Russia formally charges US journalist in Moscow with espionage

Arrest of Wall Street Journal correspondent Evan Gershkovich has brought relations between the US and Russia to a new low

Evan Gershkovich, the Wall Street Journal correspondent jailed in Moscow, was formally charged with espionage on Friday, according to Russian state media.

The Tass news agency cited an unidentified law enforcement source about the steps taken by Russia’s Federal Security Service, or FSB, and said Gershkovich had denied the accusation.

“The FSB investigation charged Gershkovich with espionage in the interests of his country,” the news agency quoted its source as saying, echoing the statement issued by Russia’s security police agency at the time the 31-year-old reporter was first detained.

“He categorically denied all accusations and stated that he was engaged in journalistic activities in Russia,” the source was quoted as saying. The source declined to comment further because the case was marked “top secret,” according to Tass.


No other details were immediately available and there was no immediate comment from The Wall Street Journal. Russia’s Interfax news agency also reported that Gershkovich had been charged.

The official charge had been expected ever since the American reporter was detained last week in the central Russian city of Yekaterinburg and brought to the Lefortovo prison in Moscow. The Russian authorities accused him of espionage, allegations that the Wall Street Journal and US officials have vehemently rejected.

The arrest of Gershkovich, the American-born son of Soviet émigrés and a reporter for the Wall Street Journal since January 2022, brought relations between the United States and Russia to a new low. The two sides have been wrangling over when a US Consular official will be allowed to visit Gershkovich, with John Kirby, a White House spokesman, telling a news conference on Thursday it was “inexcusable” that Russia has not provided consular access.

The Biden administration has lobbied for Gershkovich’s immediate release. And on Friday, Senate leaders released a bipartisan statement demanding the same and condemning Russia’s “continued attempts to intimidate, repress, and punish independent journalists and civil society voices.”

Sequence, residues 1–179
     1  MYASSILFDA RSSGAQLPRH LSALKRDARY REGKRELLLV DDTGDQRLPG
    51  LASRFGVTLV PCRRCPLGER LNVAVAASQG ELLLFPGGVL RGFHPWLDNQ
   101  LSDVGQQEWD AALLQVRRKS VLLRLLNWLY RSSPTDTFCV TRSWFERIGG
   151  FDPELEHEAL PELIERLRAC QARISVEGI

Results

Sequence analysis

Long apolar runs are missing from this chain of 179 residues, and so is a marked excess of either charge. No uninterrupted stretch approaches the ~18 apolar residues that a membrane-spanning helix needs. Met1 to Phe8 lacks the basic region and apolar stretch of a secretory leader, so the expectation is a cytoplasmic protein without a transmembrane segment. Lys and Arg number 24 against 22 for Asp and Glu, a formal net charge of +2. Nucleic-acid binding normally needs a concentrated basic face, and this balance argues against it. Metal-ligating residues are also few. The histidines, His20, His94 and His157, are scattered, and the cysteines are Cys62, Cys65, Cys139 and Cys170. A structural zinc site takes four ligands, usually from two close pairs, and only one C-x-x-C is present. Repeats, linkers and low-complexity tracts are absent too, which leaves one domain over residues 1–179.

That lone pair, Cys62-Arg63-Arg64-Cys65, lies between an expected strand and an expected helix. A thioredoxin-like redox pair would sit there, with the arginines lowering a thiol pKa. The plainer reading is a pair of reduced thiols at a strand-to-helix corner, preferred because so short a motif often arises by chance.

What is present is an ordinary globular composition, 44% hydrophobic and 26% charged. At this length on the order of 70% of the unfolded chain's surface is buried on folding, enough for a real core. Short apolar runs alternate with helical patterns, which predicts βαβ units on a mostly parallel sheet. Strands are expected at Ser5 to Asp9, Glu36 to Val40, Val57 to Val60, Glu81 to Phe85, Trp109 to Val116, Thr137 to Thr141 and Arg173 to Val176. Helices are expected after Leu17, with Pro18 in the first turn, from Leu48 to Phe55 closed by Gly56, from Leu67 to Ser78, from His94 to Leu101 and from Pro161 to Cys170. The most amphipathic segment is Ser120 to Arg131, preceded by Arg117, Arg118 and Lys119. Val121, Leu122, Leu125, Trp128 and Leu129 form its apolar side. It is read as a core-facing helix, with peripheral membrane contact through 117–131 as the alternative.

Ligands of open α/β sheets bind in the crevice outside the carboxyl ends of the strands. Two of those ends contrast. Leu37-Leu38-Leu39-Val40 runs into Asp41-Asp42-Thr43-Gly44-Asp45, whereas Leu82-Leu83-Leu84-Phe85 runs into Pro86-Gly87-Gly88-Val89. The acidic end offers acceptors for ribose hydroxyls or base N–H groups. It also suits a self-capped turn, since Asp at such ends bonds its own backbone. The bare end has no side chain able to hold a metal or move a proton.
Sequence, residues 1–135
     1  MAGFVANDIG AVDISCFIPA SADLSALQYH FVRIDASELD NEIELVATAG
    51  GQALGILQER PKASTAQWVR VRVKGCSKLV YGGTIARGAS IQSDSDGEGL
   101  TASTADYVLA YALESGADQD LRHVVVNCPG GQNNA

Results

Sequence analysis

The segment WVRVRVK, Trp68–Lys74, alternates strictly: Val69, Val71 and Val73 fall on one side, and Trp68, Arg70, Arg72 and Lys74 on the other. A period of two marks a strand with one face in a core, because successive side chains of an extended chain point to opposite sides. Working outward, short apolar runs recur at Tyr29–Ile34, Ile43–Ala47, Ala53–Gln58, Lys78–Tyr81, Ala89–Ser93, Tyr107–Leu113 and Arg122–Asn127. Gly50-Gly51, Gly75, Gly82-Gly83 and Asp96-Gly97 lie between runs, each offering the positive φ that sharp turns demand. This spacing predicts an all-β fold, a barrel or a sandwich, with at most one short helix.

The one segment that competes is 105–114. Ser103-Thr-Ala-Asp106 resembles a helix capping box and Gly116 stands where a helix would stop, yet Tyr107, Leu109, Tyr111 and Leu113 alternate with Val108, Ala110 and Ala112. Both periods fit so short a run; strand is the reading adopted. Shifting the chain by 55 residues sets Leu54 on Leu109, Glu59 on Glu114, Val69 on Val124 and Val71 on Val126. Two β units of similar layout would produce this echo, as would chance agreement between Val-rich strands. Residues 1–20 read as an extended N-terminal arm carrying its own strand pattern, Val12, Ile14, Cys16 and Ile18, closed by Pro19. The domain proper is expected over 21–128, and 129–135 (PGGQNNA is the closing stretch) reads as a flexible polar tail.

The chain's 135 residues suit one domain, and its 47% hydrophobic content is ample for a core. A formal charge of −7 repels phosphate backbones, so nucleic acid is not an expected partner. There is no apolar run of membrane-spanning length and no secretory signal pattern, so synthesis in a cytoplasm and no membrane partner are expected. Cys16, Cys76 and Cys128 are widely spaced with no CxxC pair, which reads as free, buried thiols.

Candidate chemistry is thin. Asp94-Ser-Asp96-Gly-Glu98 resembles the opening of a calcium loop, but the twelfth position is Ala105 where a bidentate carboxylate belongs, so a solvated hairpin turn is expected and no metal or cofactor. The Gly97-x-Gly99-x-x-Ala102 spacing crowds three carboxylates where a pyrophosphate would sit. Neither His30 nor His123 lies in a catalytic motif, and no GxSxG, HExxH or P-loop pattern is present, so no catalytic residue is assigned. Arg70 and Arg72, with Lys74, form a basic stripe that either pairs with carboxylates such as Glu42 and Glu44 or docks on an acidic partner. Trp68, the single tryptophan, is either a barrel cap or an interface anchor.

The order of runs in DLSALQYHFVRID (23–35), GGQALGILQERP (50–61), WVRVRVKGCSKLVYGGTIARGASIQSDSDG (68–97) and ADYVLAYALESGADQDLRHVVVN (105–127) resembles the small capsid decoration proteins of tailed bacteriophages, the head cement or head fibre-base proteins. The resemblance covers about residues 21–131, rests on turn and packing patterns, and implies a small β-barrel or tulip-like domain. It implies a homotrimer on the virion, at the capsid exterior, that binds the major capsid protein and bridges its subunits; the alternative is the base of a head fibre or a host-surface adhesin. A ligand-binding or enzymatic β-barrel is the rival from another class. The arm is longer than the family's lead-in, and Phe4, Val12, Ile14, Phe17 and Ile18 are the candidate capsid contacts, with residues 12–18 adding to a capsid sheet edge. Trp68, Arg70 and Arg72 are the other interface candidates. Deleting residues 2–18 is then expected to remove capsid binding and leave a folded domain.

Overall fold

“Russian authorities have failed to present any credible evidence to justify their fabricated charges,” Senator Chuck Schumer, the Democrat majority leader, and Senator Mitch McConnell, the Republican minority leader, said in the statement.

They described Gershkovich’s arrest as a “wrongful detention,” echoing comments made by Secretary of State Antony Blinken earlier this week. Blinken said the State Department was still in the process of making the formal designation, which would allow the U.S. government to escalate efforts to secure the reporter’s release.

The statement from the Senate leaders followed calls from dozens of international news media and press freedom organisations for Gershkovich to be freed. Hundreds of independent Russian journalists and civil society members have also signed a public letter denouncing the accusations against him as “preposterous and unjust,” noting that Russian security services had provided no evidence for their claims.

On Thursday, the National Press Club recognised Gershkovich with the organisation’s highest press freedom award.

“Journalism is not a crime and Evan should not be jailed for his profession — he should be honoured for it,” the organisation said. It vowed to “continue to advocate not only for Evan, but also for all the foreign journalists working from Russia and who had expected that their non-Russian passports would provide them some protection.” - This article originally appeared in The New York Times